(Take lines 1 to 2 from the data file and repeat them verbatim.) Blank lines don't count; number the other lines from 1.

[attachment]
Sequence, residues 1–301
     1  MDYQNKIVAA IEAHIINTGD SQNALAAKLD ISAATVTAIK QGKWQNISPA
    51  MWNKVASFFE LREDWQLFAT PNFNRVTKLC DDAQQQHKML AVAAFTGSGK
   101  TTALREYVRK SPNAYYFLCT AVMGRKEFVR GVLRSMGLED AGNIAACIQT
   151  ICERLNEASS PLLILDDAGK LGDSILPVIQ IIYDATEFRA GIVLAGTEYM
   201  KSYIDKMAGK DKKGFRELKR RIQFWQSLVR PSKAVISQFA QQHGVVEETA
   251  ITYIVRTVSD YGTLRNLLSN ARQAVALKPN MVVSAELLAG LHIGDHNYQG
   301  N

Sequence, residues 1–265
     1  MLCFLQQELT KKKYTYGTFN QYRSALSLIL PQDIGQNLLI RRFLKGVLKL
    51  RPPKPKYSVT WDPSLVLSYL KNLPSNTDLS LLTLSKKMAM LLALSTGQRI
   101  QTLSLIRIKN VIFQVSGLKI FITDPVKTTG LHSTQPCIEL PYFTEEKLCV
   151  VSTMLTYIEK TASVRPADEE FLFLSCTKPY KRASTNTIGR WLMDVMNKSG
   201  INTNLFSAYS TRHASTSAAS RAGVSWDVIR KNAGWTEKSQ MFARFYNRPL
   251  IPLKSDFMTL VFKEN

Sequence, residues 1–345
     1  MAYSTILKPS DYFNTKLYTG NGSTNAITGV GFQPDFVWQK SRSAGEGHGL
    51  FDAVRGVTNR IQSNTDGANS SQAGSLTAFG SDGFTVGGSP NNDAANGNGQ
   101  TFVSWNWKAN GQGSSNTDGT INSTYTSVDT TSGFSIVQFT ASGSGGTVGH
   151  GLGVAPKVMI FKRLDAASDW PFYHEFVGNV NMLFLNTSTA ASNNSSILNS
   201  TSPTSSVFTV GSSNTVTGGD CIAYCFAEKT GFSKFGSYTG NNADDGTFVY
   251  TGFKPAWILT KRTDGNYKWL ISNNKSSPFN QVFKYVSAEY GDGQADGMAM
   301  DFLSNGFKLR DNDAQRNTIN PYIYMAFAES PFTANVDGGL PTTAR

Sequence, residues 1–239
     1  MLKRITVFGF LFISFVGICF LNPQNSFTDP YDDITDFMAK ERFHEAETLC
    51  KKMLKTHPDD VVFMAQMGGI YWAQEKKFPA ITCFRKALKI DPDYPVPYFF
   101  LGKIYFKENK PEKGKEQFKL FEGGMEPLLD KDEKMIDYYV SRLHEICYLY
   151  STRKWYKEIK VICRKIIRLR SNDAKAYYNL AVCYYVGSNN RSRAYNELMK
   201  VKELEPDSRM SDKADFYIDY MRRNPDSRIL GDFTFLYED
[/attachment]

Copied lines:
Sequence, residues 1–301
     1  MDYQNKIVAA IEAHIINTGD SQNALAAKLD ISAATVTAIK QGKWQNISPA